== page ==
The stock market’s bull case just got stronger

Feb 3, 2024
  • There’s more evidence that stocks are in a secular bull cycle, Ned Davis Research said.
  • Equities’ recent performance, among other economic indicators, suggests more upside ahead.
  • Since hitting its secular bottom in 2009, the Dow has hit fresh all-time highs every year for 12 years.

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Investors are coming off a banner year in the US stock market — and there could be plenty more gains ahead, according to Ned Davis Research. 

In a note published Thursday, chief global investment strategist Tim Hayes highlighted a handful of fresh evidence that suggests a secular, long-term bull cycle is indeed still alive and well. The recent strength in equities is consistent with the thesis, and broader macroeconomic conditions also support forecasts for more gains to come.  

Over the last three months, stocks have passed what Hayes called the duck test: “If it looks like a duck, swims like a duck, and quacks like a duck, then it probably is a duck.”

The Dow Jones Industrial Average, for instance, has notched record highs already this year, which have been followed by records in the S&P 500. Since the Dow hit its secular bottom in 2009, it’s advanced with higher highs and higher lows, touching fresh all-time highs every year for 12 years.

That tracks the trend seen in the secular bull cycles of the last 100 years, according to NDR.

Secular bull markets of the last century

The last century of secular bulls are highlighted in green.

While absolute performance has been strong, so have the measures of relative performance, Hayes added. Stocks tend to outperform bonds and commodities during secular bull cycles, as they are today, and that provides further “secular confirmation.”

Secular bull markets also tend to result in US outperformance compared to other regions’ stock markets, the strategist said.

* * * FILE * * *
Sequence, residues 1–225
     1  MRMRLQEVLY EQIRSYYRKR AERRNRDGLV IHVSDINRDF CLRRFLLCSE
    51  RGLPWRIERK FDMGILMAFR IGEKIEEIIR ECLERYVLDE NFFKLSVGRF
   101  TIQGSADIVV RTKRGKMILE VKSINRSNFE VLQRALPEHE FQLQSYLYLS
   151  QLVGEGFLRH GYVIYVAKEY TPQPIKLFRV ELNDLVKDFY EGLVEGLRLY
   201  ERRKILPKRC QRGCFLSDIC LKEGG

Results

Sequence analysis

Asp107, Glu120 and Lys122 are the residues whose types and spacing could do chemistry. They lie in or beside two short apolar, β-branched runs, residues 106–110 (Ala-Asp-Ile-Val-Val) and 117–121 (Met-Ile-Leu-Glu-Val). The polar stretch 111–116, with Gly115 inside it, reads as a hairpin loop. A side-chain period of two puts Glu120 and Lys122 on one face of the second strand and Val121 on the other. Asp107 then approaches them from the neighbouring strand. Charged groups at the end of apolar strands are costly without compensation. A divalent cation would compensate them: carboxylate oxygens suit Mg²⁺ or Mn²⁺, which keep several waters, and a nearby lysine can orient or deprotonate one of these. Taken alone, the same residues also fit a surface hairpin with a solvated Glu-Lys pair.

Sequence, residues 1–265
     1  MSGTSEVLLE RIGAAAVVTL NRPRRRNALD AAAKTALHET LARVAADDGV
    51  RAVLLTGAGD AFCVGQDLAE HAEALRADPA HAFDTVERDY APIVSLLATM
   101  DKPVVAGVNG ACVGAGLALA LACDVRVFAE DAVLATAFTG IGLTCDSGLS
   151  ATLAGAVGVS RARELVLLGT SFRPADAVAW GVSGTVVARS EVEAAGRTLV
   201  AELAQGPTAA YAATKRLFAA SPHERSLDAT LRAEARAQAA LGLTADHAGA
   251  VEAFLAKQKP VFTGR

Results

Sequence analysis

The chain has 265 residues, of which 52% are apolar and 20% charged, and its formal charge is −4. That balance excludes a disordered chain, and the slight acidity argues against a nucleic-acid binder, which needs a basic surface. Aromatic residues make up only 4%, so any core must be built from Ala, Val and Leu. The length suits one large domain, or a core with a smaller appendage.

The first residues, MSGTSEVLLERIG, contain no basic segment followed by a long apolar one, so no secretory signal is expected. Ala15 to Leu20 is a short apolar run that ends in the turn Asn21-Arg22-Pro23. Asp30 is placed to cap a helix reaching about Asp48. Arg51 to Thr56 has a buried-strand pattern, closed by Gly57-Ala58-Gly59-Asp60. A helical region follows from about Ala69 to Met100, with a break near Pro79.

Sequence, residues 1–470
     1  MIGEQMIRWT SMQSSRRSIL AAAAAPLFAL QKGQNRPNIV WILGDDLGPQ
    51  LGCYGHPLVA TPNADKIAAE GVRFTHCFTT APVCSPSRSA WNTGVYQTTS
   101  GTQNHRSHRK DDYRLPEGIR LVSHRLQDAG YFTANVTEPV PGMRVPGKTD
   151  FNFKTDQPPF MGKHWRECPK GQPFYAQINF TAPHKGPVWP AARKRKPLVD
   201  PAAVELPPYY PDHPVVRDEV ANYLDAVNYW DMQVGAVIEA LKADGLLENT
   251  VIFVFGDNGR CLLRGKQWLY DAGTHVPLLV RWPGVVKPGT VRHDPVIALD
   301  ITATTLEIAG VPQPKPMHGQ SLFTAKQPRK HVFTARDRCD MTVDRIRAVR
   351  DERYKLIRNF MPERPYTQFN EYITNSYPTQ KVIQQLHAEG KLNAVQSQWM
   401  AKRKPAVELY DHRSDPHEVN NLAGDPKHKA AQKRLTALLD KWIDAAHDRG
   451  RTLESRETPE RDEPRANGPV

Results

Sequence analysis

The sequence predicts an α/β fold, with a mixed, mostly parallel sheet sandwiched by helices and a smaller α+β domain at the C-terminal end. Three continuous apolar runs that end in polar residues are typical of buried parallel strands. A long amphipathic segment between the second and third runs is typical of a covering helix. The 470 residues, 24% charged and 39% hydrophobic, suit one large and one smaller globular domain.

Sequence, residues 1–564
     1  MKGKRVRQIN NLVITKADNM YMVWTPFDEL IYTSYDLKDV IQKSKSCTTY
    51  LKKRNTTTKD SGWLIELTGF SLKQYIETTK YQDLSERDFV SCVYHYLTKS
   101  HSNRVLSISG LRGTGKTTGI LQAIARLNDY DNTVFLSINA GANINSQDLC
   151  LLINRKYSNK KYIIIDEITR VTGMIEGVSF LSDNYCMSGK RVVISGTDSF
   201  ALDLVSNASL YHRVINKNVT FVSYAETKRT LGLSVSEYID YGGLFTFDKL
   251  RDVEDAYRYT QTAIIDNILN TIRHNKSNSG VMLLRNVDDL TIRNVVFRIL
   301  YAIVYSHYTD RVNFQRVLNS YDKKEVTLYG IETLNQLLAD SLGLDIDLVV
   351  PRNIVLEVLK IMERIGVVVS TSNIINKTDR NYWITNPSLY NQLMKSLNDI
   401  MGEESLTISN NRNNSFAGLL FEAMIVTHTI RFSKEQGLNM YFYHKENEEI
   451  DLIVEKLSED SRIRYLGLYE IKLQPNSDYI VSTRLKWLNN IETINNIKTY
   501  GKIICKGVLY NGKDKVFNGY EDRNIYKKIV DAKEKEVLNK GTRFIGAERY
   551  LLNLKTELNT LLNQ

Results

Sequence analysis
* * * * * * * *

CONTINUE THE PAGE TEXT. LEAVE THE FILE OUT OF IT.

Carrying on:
In addition, low unemployment, rising confidence, and strong GDP figures also imply a positive macro picture, which together support a secular bull market.

To that point, labor market data out Friday showed the US added 353,000 nonfarm payrolls in January, far surpassing expectations for job growth. The unemployment rate held steady from at 3.7%. 

“Not only did we get for the most part very good data about how 2024 started, but the pretty remarkable trends that we saw in 2023 held up after revisions as well,” Nick Bunker, North America economic research director at Indeed Hiring Lab, said in comments to Business Insider. “Overall story is a labor market that’s very resilient.”

What’s more, consumer sentiment surged last month to its highest in over two years, the University of Michigan reported on Friday.

Over the last two months, the gauge has climbed a cumulative 29% — the biggest two-month increase in more than three decades.

“Considering the increased confirmation from indicators of market performance and economic conditions, the secular bull is not only passing the duck test, but doing so with a high grade,” Hayes said. 

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